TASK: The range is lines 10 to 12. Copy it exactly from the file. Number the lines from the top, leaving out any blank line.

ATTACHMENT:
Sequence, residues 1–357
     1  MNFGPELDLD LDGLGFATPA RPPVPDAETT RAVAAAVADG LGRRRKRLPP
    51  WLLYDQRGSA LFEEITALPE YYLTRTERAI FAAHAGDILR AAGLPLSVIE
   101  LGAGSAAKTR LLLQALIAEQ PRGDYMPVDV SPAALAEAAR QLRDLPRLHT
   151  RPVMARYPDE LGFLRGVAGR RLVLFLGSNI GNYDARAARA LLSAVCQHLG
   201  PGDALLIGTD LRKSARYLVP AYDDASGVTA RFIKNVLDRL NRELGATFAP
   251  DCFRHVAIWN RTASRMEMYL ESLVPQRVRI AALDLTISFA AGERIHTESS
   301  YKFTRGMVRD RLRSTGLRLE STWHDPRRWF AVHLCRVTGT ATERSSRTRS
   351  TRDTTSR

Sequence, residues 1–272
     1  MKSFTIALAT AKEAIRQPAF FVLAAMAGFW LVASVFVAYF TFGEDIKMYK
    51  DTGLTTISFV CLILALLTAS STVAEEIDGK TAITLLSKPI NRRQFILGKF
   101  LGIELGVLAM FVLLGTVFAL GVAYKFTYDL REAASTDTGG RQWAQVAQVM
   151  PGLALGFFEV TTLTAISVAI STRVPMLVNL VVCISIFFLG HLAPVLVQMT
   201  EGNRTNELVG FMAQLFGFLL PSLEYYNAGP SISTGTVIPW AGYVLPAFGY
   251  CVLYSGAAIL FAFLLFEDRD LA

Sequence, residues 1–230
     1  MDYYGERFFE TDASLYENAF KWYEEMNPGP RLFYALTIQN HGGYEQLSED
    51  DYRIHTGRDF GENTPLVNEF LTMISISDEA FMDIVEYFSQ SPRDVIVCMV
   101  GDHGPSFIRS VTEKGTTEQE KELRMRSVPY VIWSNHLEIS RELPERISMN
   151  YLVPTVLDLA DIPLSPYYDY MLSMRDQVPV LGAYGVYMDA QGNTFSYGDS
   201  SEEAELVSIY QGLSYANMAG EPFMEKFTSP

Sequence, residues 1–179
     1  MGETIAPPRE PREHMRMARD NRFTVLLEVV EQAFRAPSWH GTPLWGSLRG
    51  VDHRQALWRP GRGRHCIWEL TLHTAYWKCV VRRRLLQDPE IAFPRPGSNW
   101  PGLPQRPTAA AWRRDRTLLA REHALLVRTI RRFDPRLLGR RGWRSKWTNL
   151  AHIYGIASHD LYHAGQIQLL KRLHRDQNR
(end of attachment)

Sequence, residues 1–272
     1  MKSFTIALAT AKEAIRQPAF FVLAAMAGFW LVASVFVAYF TFGEDIKMYK
    51  DTGLTTISFV CLILALLTAS STVAEEIDGK TAITLLSKPI NRRQFILGKF